So, a quick implementation that uses your list of garbage strings, and does the job, exploiting javascript's built-in dictionary speed to check whether a word is garbage or not, and with handling for punctuation is given below. There's a little test page you can try it out on.

function splitwords(str) {
  var unpunctuated = unpunctuate(str);
  var splitted = unpunctuated.split(" ");
  return splitted;
}

function unpunctuate(str) {
  var punctuation = ['.', ',', ';', ':', '-'];
  var unpunctuated = str;
  for(punctidx in punctuation) {
    punct = punctuation[punctidx];
    // this line removes punctuation. to keep it, swap in the line below.
    //unpunctuated = unpunctuated.replace(punct," "+punct+" ");
    unpunctuated = unpunctuated.replace(punct,"");
  }
  return unpunctuated;
}


var garbageStrings = ['of', 'the', "in", "on", "at", "to", "a", "is"];

var garbagedict= {};

for(garbstr in garbageStrings) {
  garbagedict[garbageStrings[garbstr]] = 1;
}

function remove(str) {
  words = splitwords(str);
  keeps = [];
  for(wordidx in words) {
    word = words[wordidx];
    if(word in garbagedict) {
      // ignore
    } else {
      keeps.push(word);
    }
  }
  return keeps.join(" ");
}
share|improve this answer
    
Atwood didn't come up with that quote, not even close. en.wikipedia.org/wiki/Jamie_Zawinski –  Paolo Bergantino May 15 '09 at 5:56
    
Atwood loves Regex, wtf? I'd delete that code in a second if I saw it in source. –  Chad Grant May 15 '09 at 7:29
    
@Chad: So provide something better. @Paulo: I heard it from Atwood, and it's not a quote. The point of this code is that it does what the OP wants to do. Regex is great for pattern matching, but this isn't pattern matching. It's simple word comparison. Simple is definitely better here. –  Phil H May 15 '09 at 9:39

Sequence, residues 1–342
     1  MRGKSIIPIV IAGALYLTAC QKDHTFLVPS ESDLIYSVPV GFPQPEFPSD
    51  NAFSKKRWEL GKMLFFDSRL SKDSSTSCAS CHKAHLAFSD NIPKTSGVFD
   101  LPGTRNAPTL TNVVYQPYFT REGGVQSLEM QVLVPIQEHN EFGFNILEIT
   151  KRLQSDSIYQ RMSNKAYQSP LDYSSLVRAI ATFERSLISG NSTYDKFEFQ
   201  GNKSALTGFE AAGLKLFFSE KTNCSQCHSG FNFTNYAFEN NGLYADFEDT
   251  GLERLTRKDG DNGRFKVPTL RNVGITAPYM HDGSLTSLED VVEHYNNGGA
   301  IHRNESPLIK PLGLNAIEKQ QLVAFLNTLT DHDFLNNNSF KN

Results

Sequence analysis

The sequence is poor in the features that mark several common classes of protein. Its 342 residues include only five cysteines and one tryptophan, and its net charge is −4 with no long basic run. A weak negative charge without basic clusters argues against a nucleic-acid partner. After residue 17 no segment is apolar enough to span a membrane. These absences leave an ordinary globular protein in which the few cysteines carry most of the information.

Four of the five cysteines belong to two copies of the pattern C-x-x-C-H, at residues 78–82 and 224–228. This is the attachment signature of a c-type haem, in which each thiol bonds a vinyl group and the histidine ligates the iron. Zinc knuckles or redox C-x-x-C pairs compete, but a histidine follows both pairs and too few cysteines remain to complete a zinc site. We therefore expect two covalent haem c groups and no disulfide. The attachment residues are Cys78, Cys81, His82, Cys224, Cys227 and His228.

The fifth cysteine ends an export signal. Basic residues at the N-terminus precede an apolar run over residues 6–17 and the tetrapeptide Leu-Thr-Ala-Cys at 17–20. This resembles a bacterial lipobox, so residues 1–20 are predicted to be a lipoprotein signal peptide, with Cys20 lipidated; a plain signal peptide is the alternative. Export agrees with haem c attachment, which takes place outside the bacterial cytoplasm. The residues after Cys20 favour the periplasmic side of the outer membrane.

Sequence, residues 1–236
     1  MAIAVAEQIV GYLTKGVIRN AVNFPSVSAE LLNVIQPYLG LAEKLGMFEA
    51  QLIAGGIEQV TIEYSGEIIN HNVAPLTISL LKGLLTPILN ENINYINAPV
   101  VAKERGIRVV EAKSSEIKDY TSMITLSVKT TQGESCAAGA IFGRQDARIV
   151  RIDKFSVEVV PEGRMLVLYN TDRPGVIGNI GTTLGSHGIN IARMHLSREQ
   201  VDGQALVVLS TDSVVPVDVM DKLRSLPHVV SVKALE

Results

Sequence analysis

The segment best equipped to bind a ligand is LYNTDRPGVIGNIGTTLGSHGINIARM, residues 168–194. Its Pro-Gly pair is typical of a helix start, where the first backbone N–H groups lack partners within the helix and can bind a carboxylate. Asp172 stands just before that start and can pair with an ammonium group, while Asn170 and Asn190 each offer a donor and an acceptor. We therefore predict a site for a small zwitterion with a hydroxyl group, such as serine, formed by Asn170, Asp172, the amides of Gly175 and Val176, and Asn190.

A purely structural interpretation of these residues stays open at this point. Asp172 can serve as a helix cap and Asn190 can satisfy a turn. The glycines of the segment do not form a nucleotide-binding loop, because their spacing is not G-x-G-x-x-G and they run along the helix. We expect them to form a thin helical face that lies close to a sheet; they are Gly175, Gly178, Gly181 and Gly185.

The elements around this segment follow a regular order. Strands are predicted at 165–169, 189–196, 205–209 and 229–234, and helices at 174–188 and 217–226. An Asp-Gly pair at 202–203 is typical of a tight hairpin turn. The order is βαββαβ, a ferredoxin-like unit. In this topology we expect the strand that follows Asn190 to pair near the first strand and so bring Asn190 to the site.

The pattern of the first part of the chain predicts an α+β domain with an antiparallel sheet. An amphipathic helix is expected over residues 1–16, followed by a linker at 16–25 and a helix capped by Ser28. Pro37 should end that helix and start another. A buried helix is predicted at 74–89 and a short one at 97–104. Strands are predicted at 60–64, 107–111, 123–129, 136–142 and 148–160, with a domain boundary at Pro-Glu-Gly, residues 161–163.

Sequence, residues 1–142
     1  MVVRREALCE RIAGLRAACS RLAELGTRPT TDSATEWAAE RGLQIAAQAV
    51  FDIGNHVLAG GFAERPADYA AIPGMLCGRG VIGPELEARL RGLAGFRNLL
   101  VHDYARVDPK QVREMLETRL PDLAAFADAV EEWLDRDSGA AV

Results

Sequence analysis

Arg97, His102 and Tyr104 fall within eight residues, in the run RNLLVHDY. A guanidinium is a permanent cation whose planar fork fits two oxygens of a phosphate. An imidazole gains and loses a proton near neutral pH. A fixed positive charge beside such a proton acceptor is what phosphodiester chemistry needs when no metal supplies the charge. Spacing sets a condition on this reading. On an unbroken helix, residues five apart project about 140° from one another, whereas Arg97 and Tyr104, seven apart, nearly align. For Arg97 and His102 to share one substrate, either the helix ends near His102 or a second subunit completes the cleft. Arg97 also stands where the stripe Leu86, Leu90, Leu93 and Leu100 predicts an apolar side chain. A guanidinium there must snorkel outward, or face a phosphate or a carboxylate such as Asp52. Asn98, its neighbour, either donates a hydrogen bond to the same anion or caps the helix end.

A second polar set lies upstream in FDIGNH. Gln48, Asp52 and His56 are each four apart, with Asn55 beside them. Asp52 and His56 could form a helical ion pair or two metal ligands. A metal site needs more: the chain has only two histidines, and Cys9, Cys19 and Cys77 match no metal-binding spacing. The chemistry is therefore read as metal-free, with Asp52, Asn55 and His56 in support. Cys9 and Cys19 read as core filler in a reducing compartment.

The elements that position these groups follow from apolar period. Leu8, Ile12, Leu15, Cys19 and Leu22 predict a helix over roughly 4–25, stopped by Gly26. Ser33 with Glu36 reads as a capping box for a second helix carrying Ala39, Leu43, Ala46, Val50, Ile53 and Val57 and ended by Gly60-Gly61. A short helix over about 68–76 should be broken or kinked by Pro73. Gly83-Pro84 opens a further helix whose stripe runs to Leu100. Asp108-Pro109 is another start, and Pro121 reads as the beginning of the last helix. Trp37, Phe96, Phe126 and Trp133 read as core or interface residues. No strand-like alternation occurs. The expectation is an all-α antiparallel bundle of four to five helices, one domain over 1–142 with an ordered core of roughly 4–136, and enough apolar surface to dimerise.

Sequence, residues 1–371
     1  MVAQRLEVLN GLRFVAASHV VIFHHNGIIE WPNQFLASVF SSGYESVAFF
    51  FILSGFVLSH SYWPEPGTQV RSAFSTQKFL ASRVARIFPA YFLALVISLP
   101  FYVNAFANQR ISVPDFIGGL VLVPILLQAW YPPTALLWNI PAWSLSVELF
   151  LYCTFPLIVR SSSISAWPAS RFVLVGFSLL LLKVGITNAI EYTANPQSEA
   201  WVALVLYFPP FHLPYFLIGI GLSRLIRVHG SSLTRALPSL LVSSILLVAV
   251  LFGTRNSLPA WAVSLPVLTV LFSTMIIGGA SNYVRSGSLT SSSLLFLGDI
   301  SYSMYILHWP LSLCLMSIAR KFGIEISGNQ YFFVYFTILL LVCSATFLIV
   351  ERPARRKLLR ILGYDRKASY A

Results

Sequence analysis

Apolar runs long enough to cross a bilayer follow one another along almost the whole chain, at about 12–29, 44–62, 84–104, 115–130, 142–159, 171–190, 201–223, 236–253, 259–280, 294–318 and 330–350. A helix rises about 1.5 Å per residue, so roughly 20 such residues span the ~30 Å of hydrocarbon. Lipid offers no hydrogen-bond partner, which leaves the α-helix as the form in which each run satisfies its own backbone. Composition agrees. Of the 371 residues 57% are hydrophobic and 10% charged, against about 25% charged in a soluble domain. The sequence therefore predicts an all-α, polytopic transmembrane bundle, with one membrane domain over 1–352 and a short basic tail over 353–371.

The most voted up answer is what I would do, it's elegant, readable and easy to maintain. I don't see anything simple about 40 lines of code compared to 3. There is no reason to avoid Regex's at all costs. Regex has a \b for a reason. -1 for Quoting someone to give yourself credibility. +1 for showing a different way albeit messy. –  Chad Grant May 15 '09 at 11:20
    
Here's a 3rd option. (for fun only : 2 lines) var str = "jQuery is a Unique language"; [str = str.replace(new RegExp('\\b'+ i +'\\b','gi'),'').replace(/\s{2,}/gi,' ') for each (i in ["of","the","in","on","at","to","a","is"])]; –  Chad Grant May 15 '09 at 11:23

Please, don't use RegExp for this, it's dirty and unnecessary, and takes up too many cycles. Easier:

var garbageStrings = ['of', 'the', "in", "on", "at", "to", "a", "is"];
for(var i=0; i < garbageString.length; i++){
    string.replace(" "+garbageStrings[i]+" ", "");
}

or using arrays:

var garbageStrings = ['of', 'the', "in", "on", "at", "to", "a", "is"];
var str = str.split(" ");
for(var i=0; i < garbageStrings.length; i++){
    for(var j=0; j < str.length; j++){
        if(str[j].toLowerCase() === garbageStrings[i]){
            str.splice(j, 1);
        }
    }
}
str = str.join(" ");
share|improve this answer

Like wombleton said. ;)

Except I would remove whitespace as part of the regex itself, rather than use a second regex for this (for better performance):

var re = new RegExp("\\b(?:"+ words.join("|") + ")\\b\\s*", "gi");
s.replace(re, "");

The regex will be compiled on object creation. On repeated operations it shouldn't be noticeably slower than looping through each stopword with a string/array operation, and it's much easier to grasp.

If you just have a short, static list of stopwords, you could instead write your own optimized regex:

var re = new RegExp("\\b(?:at?|i[ns]|o[fn]|t(?:he|o))\\b\\s*", "gi");
"jQuery is a Unique language".replace(re, "");

The idea here is that words sharing the same prefix (e.g. "of" and "on") share the same execution path up until the point where they differ. Hardly necessary in your case, but nice to know about.